How Can We Nurture Young Talent in the Construction Industry?
Why We Need to Engage Young People
Talk to any construction industry recruiter today and they’ll want to discuss the urgent need to nurture young talent. A report issued by City & Guilds in 2018 revealed that 87% of employers in the industry are presently facing a shortage of skilled workers. Current supply is over reliant on the overseas workforce, and Brexit has highlighted the need for a more home-grown approach.
As a niche recruiter to the Building Envelope sector of the construction industry, I’m aware of the problems facing British employers. At present the skills are available, but 30% of the present workforce is over 50. This is obviously unsustainable and there are concerns that we are looking at severe skills shortages as they approach retirement. The industry is also keenly aware that it lags behind on attracting and retaining young women as construction workers.
Growing a Generation of Talent
The Construction Skills Network Report 2018-2022, published in 2018, presented an upbeat forecast for the industry, with 150,000 construction jobs predicted by 2022. It seems that – despite the uncertainty around Brexit – this is an industry that has a bright future. There can surely be no question, therefore, regarding the need to invest in building a talented generation to drive it.
Branding the Construction Industry for Success
In an earlier blog on the recruitment of women into the construction industry, I raised concerns about the ‘image problem’ which is one of the factors cited as a barrier to engagement. But the problem isn’t confined to women. Young people tend to consider the industry as ‘old fashioned’, ‘male dominated’, and ‘limited’ when it comes to career progression. There’s obviously a job to be done to rebrand construction for a new generation.
We all Have a Part to Play in Rebranding
It’s all too easy to place the burden of re-branding the industry on educators. There are numerous passionate advocates in schools but they can’t do the job alone. We all have our part to play in inspiring young people to become apprentices, or take relevant degrees.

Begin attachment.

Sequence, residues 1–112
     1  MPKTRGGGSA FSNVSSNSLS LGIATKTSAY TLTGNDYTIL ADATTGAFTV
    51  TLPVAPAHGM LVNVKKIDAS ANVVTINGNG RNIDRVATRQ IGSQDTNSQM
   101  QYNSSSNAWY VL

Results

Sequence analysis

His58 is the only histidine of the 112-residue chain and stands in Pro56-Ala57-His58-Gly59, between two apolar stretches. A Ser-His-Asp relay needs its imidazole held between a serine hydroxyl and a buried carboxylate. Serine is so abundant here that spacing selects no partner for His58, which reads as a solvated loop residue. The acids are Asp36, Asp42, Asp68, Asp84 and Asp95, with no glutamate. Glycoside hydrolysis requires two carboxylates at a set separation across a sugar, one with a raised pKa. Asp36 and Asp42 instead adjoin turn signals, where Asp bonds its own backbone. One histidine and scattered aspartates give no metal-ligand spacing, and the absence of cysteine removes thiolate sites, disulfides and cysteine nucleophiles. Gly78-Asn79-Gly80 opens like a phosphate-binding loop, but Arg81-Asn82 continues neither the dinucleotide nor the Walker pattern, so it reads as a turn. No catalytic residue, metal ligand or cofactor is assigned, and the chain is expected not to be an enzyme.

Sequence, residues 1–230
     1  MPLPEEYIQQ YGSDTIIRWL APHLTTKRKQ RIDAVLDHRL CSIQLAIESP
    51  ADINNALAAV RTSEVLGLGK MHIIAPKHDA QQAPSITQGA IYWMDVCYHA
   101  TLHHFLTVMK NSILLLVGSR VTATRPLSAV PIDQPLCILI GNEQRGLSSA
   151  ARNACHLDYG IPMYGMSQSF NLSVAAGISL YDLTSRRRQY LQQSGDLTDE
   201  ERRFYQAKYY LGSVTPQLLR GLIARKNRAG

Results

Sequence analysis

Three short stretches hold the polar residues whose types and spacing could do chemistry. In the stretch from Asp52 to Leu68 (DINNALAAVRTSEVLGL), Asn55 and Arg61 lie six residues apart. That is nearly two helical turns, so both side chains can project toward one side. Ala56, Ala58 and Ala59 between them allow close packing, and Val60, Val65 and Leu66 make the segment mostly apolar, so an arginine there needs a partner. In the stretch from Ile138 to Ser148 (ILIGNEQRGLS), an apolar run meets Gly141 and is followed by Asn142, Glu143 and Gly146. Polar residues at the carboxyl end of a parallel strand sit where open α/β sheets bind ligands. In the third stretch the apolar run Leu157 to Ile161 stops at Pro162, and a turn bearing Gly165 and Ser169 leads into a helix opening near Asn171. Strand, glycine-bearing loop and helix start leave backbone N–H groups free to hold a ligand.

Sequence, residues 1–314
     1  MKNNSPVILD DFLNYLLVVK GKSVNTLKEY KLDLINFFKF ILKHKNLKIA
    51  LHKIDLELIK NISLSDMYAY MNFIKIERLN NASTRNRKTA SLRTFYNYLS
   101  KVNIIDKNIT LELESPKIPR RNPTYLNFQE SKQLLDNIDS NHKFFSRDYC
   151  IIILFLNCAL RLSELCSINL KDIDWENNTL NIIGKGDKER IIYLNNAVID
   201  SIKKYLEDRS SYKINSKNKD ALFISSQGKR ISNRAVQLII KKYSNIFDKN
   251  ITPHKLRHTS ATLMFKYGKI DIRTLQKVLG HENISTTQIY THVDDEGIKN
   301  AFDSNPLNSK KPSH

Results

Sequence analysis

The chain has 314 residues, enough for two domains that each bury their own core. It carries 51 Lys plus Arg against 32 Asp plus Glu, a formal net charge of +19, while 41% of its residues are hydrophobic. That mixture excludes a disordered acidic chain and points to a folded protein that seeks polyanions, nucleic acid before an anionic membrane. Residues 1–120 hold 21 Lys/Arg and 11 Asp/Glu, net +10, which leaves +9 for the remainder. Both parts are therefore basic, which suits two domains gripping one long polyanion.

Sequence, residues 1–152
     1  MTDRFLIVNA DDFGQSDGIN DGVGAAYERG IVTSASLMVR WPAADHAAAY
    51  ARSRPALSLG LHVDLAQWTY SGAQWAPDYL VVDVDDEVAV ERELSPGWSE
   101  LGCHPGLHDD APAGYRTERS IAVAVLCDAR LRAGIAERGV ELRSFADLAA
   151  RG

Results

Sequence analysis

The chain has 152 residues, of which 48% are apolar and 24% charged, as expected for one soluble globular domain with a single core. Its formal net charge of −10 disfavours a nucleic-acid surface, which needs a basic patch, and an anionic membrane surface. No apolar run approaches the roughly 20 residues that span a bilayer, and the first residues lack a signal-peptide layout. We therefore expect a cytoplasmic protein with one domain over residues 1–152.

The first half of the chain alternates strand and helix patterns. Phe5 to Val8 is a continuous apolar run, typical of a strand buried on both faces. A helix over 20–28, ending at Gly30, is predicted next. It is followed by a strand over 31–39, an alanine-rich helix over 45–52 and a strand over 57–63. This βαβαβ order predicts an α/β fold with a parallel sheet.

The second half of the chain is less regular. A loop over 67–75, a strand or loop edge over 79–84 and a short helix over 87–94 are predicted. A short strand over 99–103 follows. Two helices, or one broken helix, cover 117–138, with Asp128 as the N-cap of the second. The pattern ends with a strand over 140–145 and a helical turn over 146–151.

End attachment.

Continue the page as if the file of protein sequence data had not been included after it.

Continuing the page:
- Employers – can demonstrate the kind of progression, the salaries, and the diverse roles available to young people prepared to commit to a career in construction.
- Women in Construction – can make themselves visible to young women who may feel anxious about taking the leap. Mentoring young women in the workplace is an excellent way to nurture talent that might otherwise fall by the wayside.
- Exemplars – hearing stories from people who’ve made it in the industry is a great way to recruit young people. They need to know what’s possible, whether you begin as a labourer, go to university, or choose the apprenticeship route.
Talking the Construction Industry Up
At ZAC Recruitment I spend a good part of each day talking to new candidates. I’m always excited to find out what motivates them, what new challenges they’re seeking, and how they see their career progressing. Once I know these things I can work towards creating a perfect match for them, with an employer that will provide the professional environment for them to grow in their career.
I look forward to seeing the next generation of skilled designers, project managers, installers, and estimators emerge to play their part in rebranding the construction industry from within.